EN:  And it was still full?

DW:  No, sadly. It was one of those old, metal, the “don’t try to break over your head” kind.

EN:  Pull top?

DW:  Yeah. And “No More” is kind of our political-ish song. Not really overly political, but it’s just, basically, we got all this time on our hands, we don’t have time for any of this war and stupidity, although it’s quite prevalent.

EN:  That’s the up-tempo shuffle.

DW:  Yeah, that’s the “shuff”. That’s probably one of the more bluesy tunes on the record, but it’s got some jazzy breaks. There’s an organ solo in there that’s very… it’s almost organ trio-y. I’m kinda hanging out in the back doing some rhythm stuff.

MI:  That was the one I thought had an early Chicago-y sound, back before they got into the soft rock thing and still had a grittier sound.

DW:  Right, when we play with Vince, we do “I’m A Man” from time to time which is from that album you were talking about. I really like that album. Those guys had a really cool sound. What they were doing was all guitar into an amplifier, no effects or anything, and that’s pretty much what I’m doing. We put a little something on at the end, but everything we do is clean as a whistle.

MI:  I noticed a lot of different textures to the songs, at least the ones I was hearing in the studio today. It just seemed like a huge transformation from the last album. Was a lot of that stuff worked on in the studio with Kenny, or did you have it all worked out in your head before you went in there?

DW:  Well, I think it was a little of both, but mainly it was, you start and then chip away at some stuff, and then you just bring up whatever you want to feature, and, with like, Vince, obviously he can do a lot, and you can speak to him in platitudes and tell him you want a Chuck Leavell piano sound, or want Emerson Lake & Palmer’s stabbing a knife through a Hammond organ on fire tone. He’ll know exactly what you’re talking about and put it on there. So, having guys like him, Craig, and Pat come play, they’re kind of mind readers, and they’re in with our “feel” so much that if we’re layering it up, there’s not much conversation. In fact, we were doing very minimal practices. We’d write the songs and then come in and maybe practice them like twice, and then go in and cut it. So it was fresh and we didn’t have a lot of preconceived notions or whatever.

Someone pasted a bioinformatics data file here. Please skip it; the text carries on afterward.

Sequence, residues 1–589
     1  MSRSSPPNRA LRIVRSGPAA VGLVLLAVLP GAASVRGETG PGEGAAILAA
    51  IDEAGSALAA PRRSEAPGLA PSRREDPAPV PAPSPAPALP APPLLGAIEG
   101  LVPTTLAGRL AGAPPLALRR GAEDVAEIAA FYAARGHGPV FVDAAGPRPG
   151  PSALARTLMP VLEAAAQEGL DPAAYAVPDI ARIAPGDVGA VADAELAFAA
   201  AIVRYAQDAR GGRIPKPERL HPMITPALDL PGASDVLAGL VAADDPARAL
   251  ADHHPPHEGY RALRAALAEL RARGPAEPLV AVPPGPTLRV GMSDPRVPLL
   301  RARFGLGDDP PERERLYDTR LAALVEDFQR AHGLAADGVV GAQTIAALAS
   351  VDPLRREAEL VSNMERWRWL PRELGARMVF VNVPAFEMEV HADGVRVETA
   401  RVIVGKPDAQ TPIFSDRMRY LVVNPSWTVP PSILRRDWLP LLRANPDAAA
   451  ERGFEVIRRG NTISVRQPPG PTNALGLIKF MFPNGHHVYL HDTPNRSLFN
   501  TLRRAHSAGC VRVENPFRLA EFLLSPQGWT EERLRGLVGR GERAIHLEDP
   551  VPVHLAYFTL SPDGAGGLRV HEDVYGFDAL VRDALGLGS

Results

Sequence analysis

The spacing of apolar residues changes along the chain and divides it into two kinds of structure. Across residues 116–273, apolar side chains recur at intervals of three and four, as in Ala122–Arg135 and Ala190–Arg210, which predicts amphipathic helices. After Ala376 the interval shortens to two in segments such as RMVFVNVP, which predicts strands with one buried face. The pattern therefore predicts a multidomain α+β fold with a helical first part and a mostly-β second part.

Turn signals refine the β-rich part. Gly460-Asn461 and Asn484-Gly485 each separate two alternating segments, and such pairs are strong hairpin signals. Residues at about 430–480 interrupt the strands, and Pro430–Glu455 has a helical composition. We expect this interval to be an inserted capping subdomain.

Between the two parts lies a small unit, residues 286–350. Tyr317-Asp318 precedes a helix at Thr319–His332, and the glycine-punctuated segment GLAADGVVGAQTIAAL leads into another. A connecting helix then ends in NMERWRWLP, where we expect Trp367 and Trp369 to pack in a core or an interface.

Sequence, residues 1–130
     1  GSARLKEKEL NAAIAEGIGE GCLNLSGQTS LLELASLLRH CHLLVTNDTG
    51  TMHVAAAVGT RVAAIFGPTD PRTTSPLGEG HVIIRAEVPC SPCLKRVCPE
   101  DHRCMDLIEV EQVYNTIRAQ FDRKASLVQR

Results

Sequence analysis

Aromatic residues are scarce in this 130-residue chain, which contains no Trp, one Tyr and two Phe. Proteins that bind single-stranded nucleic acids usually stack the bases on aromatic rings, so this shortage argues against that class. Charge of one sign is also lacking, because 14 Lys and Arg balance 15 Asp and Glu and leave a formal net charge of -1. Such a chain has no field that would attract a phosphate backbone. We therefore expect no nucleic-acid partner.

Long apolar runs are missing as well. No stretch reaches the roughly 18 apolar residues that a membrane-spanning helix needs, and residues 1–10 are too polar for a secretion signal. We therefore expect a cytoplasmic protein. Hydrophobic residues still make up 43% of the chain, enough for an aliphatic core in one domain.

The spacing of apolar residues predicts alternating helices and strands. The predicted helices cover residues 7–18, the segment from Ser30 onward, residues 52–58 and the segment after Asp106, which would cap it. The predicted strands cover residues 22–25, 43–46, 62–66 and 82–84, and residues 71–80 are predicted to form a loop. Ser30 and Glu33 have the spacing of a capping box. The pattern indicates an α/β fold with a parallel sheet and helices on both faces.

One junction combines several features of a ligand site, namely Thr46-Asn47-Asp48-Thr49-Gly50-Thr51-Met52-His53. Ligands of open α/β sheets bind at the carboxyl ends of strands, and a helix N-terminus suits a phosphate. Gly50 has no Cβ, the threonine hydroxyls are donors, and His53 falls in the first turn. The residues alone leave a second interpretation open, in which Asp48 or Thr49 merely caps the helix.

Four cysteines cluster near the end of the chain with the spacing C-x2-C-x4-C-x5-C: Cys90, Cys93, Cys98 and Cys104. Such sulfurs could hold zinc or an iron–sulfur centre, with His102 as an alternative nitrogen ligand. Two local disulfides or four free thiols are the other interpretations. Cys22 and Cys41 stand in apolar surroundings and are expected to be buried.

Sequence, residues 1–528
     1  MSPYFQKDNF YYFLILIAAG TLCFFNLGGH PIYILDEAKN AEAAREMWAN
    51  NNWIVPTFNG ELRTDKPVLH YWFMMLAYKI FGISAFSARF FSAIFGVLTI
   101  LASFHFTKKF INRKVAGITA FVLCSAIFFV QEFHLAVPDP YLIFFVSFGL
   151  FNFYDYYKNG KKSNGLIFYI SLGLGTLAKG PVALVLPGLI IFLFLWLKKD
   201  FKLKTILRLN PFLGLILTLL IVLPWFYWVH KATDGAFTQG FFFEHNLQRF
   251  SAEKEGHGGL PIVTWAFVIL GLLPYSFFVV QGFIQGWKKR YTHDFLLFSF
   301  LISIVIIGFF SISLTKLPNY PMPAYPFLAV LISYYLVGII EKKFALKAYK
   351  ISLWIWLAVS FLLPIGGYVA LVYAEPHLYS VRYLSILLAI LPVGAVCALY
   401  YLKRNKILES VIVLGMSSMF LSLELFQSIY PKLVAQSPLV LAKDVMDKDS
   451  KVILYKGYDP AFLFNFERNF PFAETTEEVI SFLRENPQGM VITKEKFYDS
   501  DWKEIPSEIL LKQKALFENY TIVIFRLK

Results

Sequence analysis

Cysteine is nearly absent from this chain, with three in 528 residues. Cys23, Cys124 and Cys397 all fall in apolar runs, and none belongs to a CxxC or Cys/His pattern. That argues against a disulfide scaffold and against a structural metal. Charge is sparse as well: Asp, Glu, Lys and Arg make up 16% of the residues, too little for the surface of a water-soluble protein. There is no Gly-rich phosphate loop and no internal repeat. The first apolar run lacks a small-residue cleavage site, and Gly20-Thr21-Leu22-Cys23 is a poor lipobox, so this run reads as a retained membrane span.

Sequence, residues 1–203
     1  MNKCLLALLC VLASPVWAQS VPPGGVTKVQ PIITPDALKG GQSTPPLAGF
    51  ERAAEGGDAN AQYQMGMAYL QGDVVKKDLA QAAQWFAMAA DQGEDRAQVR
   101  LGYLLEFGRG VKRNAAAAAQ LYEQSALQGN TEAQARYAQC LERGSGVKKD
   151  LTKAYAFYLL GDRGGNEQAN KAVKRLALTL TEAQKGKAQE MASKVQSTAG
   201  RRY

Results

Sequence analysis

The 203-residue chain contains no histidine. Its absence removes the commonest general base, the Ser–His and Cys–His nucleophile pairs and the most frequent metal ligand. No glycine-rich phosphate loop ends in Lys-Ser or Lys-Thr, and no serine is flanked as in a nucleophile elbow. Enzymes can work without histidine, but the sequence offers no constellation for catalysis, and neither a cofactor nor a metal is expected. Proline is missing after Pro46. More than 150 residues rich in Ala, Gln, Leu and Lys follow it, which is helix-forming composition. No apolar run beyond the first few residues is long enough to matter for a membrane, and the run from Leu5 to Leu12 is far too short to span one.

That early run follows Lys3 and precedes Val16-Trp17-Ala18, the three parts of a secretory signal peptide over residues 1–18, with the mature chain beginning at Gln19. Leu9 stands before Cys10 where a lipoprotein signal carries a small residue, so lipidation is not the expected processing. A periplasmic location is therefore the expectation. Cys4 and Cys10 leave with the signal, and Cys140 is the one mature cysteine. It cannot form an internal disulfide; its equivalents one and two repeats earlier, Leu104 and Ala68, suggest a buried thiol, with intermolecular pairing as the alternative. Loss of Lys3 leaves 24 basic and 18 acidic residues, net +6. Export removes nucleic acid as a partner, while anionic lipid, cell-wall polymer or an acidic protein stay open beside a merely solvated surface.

DP:  A lot of the songs have changed since we’ve played them live, 25, 30 times now. And they’re a little different than what the album cut is going to be, but that’s the way a song develops.

DW:  Right. That’s the way they were on the other albums too, but it wasn’t like we were going in there and taking six hours to record one of these songs. We were practicing in Danny’s basement in the wintertime when we first started recording some of that stuff, you know, we were down there in our winter coats and hats freezing our asses off, so we just wanted to get it done. We’d go in to the studio, and three takes, we’d be done, and that would be it. I don’t think anything took more than five takes. Then some overdubs, but for the most part, it’s back to the “live” album. On the Dues one we did a lot of overdub stuff and it seemed to be a little more thought out whereas this one is back to, like, “gut punch” live sound, bleeding through the microphones, and then worry about it later.

MI:  Are you going to try to market this album in a different way?

DW:  I think so. I want to send it out, make more of a national push at least to see if we can get any heat off of it. When I hear some of the things that are coming out of Madison that are getting a lot of press, I think there’s no reason why we shouldn’t, because we work as hard as anyone, and we’ve paid our dues.

MI:  Do you want to hit the road at some point?

DW:  I think so. We have some personnel issues that are coming up. It’s going to be dictated by that. So, it’s a matter of if we can get a good push off of it, then we’ll take it as far as we can. And, we’re starting to play big venues. We did the Barrymore, we did the Majestic, we’re doing the Majestic again. We were popular out West when we went out there. I went down South and Southwest and played, and had a pretty good reception solo. So, I think people will like it. We like it, and I think that’s the most important (thing), and it’s good. We put a lot of time and effort into it, and it’s as real as can be.

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Clovis Mann
CD: Metamorphic Record Label: Wrenclaw Records